No activity recorded for today, so here is a little known fact unearthed from a Dr Watson’s Neglected Patients past event.
A question came up at Ron Lies’ presentation of The Sign of the Four at the September 2006 meeting as to whether British Army at the time were all volunteers at that time or were they conscripted. The Staff Surgeon (Stan Moskal) researched this question and found the answer on page 80 of Mr. Kipling’s Army: All the Queen’s Men, by Byron Farwell:
It was and had always been an army of volunteers; not until the middle of the First World War (January 1916) did Britain resort to conscription. From 1783 until 1806 men enlisted for life; then for a twenty-three-year, enlistments were seven years for the infantry, ten years for the cavalry and twelve years for sappers and gunners. In 1829 Parliament restored the life engagement; in 1847 this was changed to twenty-one years- which was much the same thing. In 1870 ‘short service’ was introduced. Men enlisted for twelve years, but spent only three to seven years with the colours and the remainder in reserve.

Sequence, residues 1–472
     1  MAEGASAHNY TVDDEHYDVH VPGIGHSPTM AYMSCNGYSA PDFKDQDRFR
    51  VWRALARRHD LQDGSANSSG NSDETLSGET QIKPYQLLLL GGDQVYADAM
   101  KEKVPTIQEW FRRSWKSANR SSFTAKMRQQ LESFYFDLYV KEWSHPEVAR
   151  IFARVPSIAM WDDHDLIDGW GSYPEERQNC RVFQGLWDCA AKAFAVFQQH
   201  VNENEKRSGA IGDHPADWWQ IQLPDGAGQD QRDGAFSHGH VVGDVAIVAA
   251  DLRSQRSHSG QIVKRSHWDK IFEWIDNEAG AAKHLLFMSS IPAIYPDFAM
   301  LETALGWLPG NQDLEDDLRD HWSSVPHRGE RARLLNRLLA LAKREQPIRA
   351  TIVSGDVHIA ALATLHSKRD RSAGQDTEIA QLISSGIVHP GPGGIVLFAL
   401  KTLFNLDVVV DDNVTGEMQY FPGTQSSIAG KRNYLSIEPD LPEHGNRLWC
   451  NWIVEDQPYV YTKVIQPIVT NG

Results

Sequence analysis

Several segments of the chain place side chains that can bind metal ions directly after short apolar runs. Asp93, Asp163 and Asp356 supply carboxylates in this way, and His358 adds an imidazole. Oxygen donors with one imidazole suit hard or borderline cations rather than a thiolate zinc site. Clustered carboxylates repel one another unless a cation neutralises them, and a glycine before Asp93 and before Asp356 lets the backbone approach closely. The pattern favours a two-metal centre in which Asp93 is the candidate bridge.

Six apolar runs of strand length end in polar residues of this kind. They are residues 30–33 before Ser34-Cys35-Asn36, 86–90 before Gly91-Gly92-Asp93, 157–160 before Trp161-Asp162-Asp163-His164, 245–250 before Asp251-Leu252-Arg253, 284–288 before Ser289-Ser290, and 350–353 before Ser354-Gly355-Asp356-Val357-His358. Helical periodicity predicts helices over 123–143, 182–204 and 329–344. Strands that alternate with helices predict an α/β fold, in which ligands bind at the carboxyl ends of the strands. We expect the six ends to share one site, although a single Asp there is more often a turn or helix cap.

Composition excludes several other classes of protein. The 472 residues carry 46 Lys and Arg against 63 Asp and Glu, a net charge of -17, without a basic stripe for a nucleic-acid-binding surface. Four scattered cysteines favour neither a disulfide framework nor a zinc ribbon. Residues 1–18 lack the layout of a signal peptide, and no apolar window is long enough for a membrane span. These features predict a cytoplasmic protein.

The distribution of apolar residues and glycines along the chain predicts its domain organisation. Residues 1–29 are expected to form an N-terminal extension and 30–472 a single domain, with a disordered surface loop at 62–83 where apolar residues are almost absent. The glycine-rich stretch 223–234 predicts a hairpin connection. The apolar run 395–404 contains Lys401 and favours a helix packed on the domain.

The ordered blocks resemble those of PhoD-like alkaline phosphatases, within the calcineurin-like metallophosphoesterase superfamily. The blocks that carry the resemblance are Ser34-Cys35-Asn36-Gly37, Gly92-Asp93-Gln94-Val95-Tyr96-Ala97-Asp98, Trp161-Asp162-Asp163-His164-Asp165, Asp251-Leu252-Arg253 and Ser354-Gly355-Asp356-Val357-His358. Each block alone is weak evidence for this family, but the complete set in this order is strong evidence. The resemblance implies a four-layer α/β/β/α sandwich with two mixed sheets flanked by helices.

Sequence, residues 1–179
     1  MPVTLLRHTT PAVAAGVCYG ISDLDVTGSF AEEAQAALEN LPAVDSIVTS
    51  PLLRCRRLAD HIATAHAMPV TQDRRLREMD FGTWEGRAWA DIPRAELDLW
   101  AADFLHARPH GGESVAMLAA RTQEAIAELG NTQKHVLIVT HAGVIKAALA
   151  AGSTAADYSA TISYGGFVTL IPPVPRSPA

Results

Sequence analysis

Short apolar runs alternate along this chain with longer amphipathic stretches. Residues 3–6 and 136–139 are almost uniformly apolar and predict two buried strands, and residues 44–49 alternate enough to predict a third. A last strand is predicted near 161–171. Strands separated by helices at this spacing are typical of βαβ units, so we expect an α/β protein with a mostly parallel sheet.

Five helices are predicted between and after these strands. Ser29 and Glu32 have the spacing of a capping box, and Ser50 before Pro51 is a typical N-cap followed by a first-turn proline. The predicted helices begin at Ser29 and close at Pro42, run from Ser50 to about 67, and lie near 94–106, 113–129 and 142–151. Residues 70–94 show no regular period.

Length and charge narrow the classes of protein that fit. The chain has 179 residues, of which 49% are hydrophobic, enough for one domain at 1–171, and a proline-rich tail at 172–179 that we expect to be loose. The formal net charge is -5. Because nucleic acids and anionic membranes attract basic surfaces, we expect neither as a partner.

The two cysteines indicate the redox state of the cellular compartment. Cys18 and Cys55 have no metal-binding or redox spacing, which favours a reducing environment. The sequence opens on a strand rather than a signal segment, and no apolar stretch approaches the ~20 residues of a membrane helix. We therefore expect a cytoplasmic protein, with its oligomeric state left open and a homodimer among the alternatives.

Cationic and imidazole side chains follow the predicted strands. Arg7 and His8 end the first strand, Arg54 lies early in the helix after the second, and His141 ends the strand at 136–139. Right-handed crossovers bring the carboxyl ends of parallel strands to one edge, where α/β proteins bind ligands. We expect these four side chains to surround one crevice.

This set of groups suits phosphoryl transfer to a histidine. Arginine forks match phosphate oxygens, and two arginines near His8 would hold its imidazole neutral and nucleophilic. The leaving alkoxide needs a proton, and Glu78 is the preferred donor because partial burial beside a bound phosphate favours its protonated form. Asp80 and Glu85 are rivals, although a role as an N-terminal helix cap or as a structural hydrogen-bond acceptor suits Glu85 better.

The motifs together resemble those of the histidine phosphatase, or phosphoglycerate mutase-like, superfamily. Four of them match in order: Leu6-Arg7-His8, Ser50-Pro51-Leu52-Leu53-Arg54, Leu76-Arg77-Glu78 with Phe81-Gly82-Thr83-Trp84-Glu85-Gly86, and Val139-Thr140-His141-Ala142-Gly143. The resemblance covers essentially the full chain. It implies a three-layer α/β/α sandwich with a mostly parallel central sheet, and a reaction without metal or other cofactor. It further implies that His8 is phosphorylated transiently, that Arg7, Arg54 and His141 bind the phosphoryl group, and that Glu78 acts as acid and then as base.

See the original post on the Dr Watson’s Neglected Patients site: Some Random Notes.